JOHN DICKERSON: What-- Jeff Sessions is gonna testify next week. What do you want to hear from Jeff Sessions?
CHUCK SCHUMER: Well, first I think he should be sworn under oath. Second, I think it should be public. There's very little that's classified. Anything's that's classified, they can do in a separate classified briefing. There are some questions about Sessions that have to be asked.
First, did he interfere with the Russian investigation before he recused himself? Second, what safeguards are there now so that he doesn't interfere? Third, it says he was involved in the firing of Comey. And the President said Comey was fired because of Russia.
How does that fit in with his recusal? It doesn't seem to stand up well to me. And four, if he's been involved in the selection of the new FBI director. Did he talk about the Russian investigation with him? All those are important questions. I hope they'll be asked --
JOHN DICKERSON: Let me ask you--
CHUCK SCHUMER: --in public, with Sessions under oath.
JOHN DICKERSON: May I ask about the previous attorney general? Lindsay Graham suggested she should come and testify. Do you think she did anything wrong based on what Jim Comey testified?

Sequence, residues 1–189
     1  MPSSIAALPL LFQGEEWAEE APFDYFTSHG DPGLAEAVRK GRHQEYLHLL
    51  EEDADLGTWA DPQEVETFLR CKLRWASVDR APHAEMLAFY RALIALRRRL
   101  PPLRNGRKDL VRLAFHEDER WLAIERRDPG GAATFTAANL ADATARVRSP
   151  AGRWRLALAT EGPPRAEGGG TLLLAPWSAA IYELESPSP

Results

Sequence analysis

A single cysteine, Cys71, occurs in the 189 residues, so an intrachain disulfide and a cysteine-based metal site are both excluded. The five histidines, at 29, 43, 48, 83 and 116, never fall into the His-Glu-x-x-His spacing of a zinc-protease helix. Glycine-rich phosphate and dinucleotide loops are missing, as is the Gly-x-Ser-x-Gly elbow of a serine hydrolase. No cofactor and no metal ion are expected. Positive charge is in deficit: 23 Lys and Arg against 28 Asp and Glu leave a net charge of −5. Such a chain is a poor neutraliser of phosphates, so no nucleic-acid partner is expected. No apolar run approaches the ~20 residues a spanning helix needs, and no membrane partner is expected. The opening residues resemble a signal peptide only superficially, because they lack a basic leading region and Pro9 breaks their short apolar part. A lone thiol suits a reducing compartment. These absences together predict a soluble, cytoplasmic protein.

CHUCK SCHUMER: Look, I heard what Jim Comey said. And he said he was troubled by it. I respect him a great deal. But I haven't heard Loretta Lynch's side of the story. So I'm not going come to a conclusion as to who was right or wrong. Or whether it rises to the level that she should come testify.
JOHN DICKERSON: In the political back and forth here, people look at Democrats not getting very exercised about Loretta Lynch and what she may have done to be possibly meddling in that investigation into Hillary Clinton's email server. And they-- Democrats don't seem to listen so much to James Comey when he's talking about Loretta Lynch, but take everything he says about the president as gospel. Doesn't that just kind of put this into the normal partisan sorting? And people kind of look at this and say, "Well, it's just, you know, Democrats and Republicans bickering again?"